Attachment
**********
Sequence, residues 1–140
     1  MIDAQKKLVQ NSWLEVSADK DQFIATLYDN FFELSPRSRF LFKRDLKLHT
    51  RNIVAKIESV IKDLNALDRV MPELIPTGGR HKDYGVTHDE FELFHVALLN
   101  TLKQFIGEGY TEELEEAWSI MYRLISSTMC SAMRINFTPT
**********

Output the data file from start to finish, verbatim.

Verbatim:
Sequence, residues 1–140
     1  MIDAQKKLVQ NSWLEVSADK DQFIATLYDN FFELSPRSRF LFKRDLKLHT
    51  RNIVAKIESV IKDLNALDRV MPELIPTGGR HKDYGVTHDE FELFHVALLN
   101  TLKQFIGEGY TEELEEAWSI MYRLISSTMC SAMRINFTPT